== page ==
1: Ignoring your brand as an employer.
A “company brand” is its reputation and public image in the minds of its customers. A strong, positive brand can encourage customer loyalty and engagement as well as attract new customers. But many businesses, especially smaller ones, fail to think about their “employer brand,” or their reputation and image in the employment market. With a strong employer brand, you can attract better quality job candidates and even boost retention among current employees. Here are 10 tips to build your employer brand.
2: Using inefficient recruitment practices.
Time is money, and small business owners work a lot. Well over half work more than 40 hours a week, and over a third work more than 50 hours, according to the 2017 Small Business Owner Report from Bank of America. Far too many business owners allow inefficient practices to sap their time, and recruitment is one area that can suffer. In an effort to reduce time spent, many small business owners use “brute-force” recruitment tactics that inadvertently increase inefficiency. Here’s how to get a grip on recruitment efficiency.
3: Handling payroll themselves.
Payroll errors are rampant. According to the Workforce Institute, over half of American workers have faced some kind of payroll error. Underpayment can lead to back wages and, in some cases, litigation. Overpayments can leech from the bottom line. In fact, 13.6 million American workers report being overpaid, but they don’t all report it: workers say they’d have to be overpaid by $463 or more before they’d report the error. Prevent payroll problems before they occur: utilize a modern payroll service or system.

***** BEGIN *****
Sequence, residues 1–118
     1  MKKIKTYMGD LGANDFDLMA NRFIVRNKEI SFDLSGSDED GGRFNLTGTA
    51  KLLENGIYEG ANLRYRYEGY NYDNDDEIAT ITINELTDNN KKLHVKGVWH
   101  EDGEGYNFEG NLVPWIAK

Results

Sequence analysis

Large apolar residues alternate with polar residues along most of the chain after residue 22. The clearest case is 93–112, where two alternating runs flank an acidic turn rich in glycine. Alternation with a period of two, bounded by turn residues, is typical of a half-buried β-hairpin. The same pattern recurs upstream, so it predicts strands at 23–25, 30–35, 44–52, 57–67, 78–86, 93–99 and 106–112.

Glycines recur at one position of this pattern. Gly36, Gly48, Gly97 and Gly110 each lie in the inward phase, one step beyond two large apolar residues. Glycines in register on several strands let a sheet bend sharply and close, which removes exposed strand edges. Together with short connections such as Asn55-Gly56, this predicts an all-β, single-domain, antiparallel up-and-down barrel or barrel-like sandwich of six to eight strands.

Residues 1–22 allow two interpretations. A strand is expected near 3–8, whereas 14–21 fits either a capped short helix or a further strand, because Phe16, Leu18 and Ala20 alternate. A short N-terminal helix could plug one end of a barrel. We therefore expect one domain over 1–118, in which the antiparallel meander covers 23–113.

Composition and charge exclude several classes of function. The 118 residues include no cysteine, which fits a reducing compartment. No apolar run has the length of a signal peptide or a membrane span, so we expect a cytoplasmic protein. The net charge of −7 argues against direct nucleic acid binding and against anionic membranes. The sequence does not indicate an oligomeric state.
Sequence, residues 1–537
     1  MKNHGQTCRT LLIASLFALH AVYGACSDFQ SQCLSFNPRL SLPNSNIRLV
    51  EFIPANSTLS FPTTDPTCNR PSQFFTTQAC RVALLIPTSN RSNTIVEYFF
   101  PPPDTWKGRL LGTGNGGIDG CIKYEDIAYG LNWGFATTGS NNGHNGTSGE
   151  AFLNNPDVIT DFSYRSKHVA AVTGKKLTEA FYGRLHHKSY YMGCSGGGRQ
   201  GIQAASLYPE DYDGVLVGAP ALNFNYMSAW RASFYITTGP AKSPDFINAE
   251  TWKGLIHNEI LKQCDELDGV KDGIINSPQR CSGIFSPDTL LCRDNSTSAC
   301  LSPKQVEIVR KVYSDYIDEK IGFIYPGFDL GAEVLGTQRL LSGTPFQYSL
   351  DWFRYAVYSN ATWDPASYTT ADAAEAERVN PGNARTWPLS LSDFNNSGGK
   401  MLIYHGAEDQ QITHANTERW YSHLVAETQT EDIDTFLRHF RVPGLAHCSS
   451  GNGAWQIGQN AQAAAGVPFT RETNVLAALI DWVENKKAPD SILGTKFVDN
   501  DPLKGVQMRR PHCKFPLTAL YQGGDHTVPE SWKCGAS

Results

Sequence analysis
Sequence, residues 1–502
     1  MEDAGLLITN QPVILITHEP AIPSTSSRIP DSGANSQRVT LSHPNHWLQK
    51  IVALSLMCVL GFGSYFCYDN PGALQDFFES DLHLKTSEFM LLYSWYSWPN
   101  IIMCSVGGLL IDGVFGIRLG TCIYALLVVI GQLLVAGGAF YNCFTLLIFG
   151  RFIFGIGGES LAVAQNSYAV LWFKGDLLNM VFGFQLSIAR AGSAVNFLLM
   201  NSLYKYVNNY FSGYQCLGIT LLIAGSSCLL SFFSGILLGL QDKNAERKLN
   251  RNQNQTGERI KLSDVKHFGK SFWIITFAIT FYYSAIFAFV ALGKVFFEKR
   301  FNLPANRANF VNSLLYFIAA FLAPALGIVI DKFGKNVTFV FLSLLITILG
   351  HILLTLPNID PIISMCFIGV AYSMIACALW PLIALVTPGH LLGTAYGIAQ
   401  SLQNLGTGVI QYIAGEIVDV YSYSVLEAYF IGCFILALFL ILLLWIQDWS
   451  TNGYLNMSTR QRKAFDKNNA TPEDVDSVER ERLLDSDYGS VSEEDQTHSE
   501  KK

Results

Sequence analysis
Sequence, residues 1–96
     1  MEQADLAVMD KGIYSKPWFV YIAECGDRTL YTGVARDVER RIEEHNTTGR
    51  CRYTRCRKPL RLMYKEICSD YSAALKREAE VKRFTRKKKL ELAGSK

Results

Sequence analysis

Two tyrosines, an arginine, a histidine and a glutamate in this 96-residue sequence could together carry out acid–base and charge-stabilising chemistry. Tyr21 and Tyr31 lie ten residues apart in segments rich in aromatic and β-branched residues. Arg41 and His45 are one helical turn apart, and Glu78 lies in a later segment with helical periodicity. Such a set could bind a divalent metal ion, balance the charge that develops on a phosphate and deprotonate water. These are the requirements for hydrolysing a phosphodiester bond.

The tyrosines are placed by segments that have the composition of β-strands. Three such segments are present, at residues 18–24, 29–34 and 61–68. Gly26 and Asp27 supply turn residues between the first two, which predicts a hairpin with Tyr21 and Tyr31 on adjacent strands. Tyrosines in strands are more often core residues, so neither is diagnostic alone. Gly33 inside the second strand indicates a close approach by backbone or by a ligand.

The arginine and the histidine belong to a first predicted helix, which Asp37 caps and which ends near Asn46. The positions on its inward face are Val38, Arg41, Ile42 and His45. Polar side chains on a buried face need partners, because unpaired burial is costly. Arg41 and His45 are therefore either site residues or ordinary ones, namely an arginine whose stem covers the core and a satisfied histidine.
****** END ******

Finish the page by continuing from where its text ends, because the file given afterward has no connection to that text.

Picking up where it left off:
4: Refusing to get help.
Many small business owners try to “do it all.” They may feel cash-strapped, or they want all tasks completed to their personal approval (which can turn the owner into a workflow bottleneck). Often, the reason is simply due to misconceptions. Many small businesses, for example, think PEOs are for bigger companies or will take control of employees – neither of which is true. Here are four common misconceptions about PEOs.
5: Failing to take HR seriously.
All too often, small companies think that HR is something that only bigger businesses need to worry about. They’ll deal with it “someday,” failing to realize that HR failures can shut down their business before “someday” ever arrives. Here are three examples of companies that really should have invested in HR earlier than they did.
CoAdvantage, one of the nation’s largest Professional Employer Organizations (PEOs), helps small to mid-sized companies with HR administration, benefits, payroll, and compliance. To learn more about our ability to create a strategic HR function in your business that drives business growth potential, contact us today.